Put the Fire in the Fire House

I’ve been trying really hard to figure out a way to get two of the paintings here in the studio all the way to Louisville, GA for the rapidly approaching show at the Fire House Gallery. It’s a no-brainer that the fire paintings should be in this show in a converted firehouse. But the two paintings in question are pretty big, and it’s a long way from Brooklyn to Georgia. The gallery is a not-for-profit, and well, I’m an artist. Funds are scarce.

Enter Kickstarter.com. This is exciting!

Here’s how it works. I’ve got 11 days to raise the $2,268 it will take to rent a larger truck and drive to Georgia. With Kickstarter, it’s all or nothing. Raise the full amount and the project gets funded, fall short by just a dollar, and nothing. Zip. Nada.

So I need your help! The Kickstarter website makes it really easy to spread the word electronically, so if you can do nothing else, just visit the project page, check out the video and then send an email or post to Facebook or Twitter. It really makes a difference!

Better still, Kickstarter makes it easy for me to offer a really cool list of incentives for you. Even a one dollar pledge gets you a personalized invite. If you are one of the folks who have expressed interest in a reproduction of one of the paintings, your opportunity is here: $50 gets a nice color print, and you can choose the painting. There’s more, take a look at the project.

And thanks!

(A special huge thank you to Steve McFarland, who made the video happen. Thank you, Steve!)

Here are the two big paintings that will go to Georgia if the project is successful:

Signs, Sirens, and Specters


There’s one more very exciting show on the calendar for me this year:

Signs, Sirens, and Specters
December 1, 2010- January 16, 2011

Opening reception: December 4th, 2010, 7-9 pm

The Fire House Gallery
605 Mulberry Street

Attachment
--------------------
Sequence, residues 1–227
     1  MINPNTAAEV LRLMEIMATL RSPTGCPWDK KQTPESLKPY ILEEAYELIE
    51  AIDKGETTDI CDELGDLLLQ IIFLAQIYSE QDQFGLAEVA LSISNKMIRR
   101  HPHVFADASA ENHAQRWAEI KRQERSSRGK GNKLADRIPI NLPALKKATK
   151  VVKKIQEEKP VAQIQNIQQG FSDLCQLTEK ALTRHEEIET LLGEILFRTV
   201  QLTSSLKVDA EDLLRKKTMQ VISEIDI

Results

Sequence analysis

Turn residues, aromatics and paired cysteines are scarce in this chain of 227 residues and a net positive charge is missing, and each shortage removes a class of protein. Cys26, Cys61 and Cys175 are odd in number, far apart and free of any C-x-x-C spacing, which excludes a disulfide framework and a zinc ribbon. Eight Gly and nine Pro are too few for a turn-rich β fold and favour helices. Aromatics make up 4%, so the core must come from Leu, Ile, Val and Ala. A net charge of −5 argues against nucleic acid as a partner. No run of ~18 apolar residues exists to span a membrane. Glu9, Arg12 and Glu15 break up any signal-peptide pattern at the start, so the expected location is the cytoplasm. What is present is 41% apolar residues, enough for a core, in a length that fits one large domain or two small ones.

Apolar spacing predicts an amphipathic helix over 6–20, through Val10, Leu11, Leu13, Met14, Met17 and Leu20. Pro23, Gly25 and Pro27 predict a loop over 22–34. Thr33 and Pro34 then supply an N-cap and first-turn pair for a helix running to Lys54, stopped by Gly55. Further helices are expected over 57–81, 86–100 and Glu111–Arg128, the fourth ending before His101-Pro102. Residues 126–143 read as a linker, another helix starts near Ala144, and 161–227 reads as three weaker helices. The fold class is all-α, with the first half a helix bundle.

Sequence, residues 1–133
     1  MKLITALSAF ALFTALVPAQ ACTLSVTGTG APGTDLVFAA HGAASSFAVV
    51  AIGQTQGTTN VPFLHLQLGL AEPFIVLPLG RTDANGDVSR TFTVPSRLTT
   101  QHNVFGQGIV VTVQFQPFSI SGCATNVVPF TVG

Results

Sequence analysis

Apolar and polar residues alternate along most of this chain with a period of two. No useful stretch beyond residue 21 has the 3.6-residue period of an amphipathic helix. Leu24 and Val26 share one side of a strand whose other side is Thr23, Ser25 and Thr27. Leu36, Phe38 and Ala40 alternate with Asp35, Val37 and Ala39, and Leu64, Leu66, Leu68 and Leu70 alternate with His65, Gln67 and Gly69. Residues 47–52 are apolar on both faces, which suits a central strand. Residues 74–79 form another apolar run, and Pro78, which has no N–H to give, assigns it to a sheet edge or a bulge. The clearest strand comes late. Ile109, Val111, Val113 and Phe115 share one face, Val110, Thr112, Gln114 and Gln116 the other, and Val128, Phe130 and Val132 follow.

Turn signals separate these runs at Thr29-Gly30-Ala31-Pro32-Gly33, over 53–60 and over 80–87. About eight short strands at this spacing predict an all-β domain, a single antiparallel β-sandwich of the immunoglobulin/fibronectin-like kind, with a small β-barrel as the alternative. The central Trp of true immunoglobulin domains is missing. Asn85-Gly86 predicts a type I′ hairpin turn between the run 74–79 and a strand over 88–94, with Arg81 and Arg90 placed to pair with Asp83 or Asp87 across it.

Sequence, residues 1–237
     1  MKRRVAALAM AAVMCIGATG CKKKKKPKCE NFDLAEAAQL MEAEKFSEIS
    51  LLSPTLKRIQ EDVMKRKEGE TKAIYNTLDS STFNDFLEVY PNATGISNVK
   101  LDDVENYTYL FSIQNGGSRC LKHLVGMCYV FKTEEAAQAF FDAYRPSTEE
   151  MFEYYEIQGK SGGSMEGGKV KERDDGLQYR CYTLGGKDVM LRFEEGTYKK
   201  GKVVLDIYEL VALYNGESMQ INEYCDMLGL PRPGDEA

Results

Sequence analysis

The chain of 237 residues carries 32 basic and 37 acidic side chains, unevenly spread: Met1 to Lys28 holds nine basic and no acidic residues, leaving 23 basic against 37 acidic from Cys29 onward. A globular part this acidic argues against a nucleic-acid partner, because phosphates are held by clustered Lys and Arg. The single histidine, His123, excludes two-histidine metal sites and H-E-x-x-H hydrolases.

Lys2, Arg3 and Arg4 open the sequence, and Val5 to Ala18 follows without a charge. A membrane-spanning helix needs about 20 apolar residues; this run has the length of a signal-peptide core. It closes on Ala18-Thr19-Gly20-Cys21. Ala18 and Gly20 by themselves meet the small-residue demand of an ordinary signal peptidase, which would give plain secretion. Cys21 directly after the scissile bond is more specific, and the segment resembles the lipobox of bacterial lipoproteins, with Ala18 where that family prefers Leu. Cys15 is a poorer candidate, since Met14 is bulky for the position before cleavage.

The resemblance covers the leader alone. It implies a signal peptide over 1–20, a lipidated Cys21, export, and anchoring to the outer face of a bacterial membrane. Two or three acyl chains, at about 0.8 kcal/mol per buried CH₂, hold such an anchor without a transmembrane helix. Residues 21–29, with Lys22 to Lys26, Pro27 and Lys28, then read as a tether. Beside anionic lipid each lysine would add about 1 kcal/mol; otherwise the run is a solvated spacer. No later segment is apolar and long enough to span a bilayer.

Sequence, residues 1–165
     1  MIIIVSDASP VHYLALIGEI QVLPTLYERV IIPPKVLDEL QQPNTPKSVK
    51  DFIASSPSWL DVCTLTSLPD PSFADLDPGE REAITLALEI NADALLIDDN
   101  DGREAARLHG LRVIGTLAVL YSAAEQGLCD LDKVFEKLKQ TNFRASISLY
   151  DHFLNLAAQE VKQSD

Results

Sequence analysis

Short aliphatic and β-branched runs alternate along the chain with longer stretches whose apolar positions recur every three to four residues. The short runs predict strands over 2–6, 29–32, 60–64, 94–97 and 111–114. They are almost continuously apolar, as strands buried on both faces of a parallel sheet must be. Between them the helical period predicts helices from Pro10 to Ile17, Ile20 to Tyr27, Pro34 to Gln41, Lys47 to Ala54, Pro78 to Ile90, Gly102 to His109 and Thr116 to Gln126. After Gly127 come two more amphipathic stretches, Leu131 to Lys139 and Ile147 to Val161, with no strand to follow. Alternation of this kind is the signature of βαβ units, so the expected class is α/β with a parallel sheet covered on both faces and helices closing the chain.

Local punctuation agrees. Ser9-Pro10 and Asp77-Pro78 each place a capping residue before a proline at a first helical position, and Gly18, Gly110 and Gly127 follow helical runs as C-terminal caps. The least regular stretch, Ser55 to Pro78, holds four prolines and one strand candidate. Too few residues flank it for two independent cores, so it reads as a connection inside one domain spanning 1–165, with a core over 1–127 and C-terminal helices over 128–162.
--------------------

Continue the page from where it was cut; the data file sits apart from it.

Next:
Louisville, GA 30434

The first reason this is an exciting show is the Fire House Gallery itself. A non-profit gallery in historic downtown Louisville (once Georgia’s capital) Fire House presents art from the South and rural America. As an artist who draws strongly on the rural south of my childhood for my inspiration, and as someone who has always had a fascination with fire, this venue is almost too good to be true. You can learn more about the gallery’s mission by visiting their web page at www.galleryafire.com.

I’m also excited about the two other artists who will be sharing this show with me, and who I am happy to call friends:

Jesse Amar is a sculptor who lives and teaches in rural Greenville, PA. An avid hunter and life-long fisherman, Jesse has an active engagement with what it means to be an artist in the country. His sculpture has always had a romantic bent, and this exhibit has already got us talking about the sublime in art. He will be exhibiting some of his figurative work in bronze along with the cast glass pieces he’s been making recently.

Jeff Schwartz, the third artist in this exhibit, lives further south than Louisville, currently hailing from Sarasota, Florida. Jeff and I met in another very rural place, at the Vermont Studio Center in January, 1993. That was definitely not the south! Brrr. Along with teaching at Ringling College, Jeff has been exploring a vernacular that is both southern and very American with his recent of paintings of a drive-in restaurant in Sarasota. I’m especially excited to see how these paintings, with their connotations of the American road and a past that directly preceded the lives of these three artists, will play into the ideas about the sublime that might not be as obvious at first. See more of Jeff’s work at his website

If you’re close enough to Louisville to check out the exhibit before January 16th, that’s great! Even better, come to the reception on December 4th. All three artists will be present, and Fire House has a reputation for beautiful events– it’s going to be fun!

“Hob Nob Shank Effect” by Jeff Schwartz, 24″x24″
“Icarus” by Jesse Amar, bronze, 38″ tall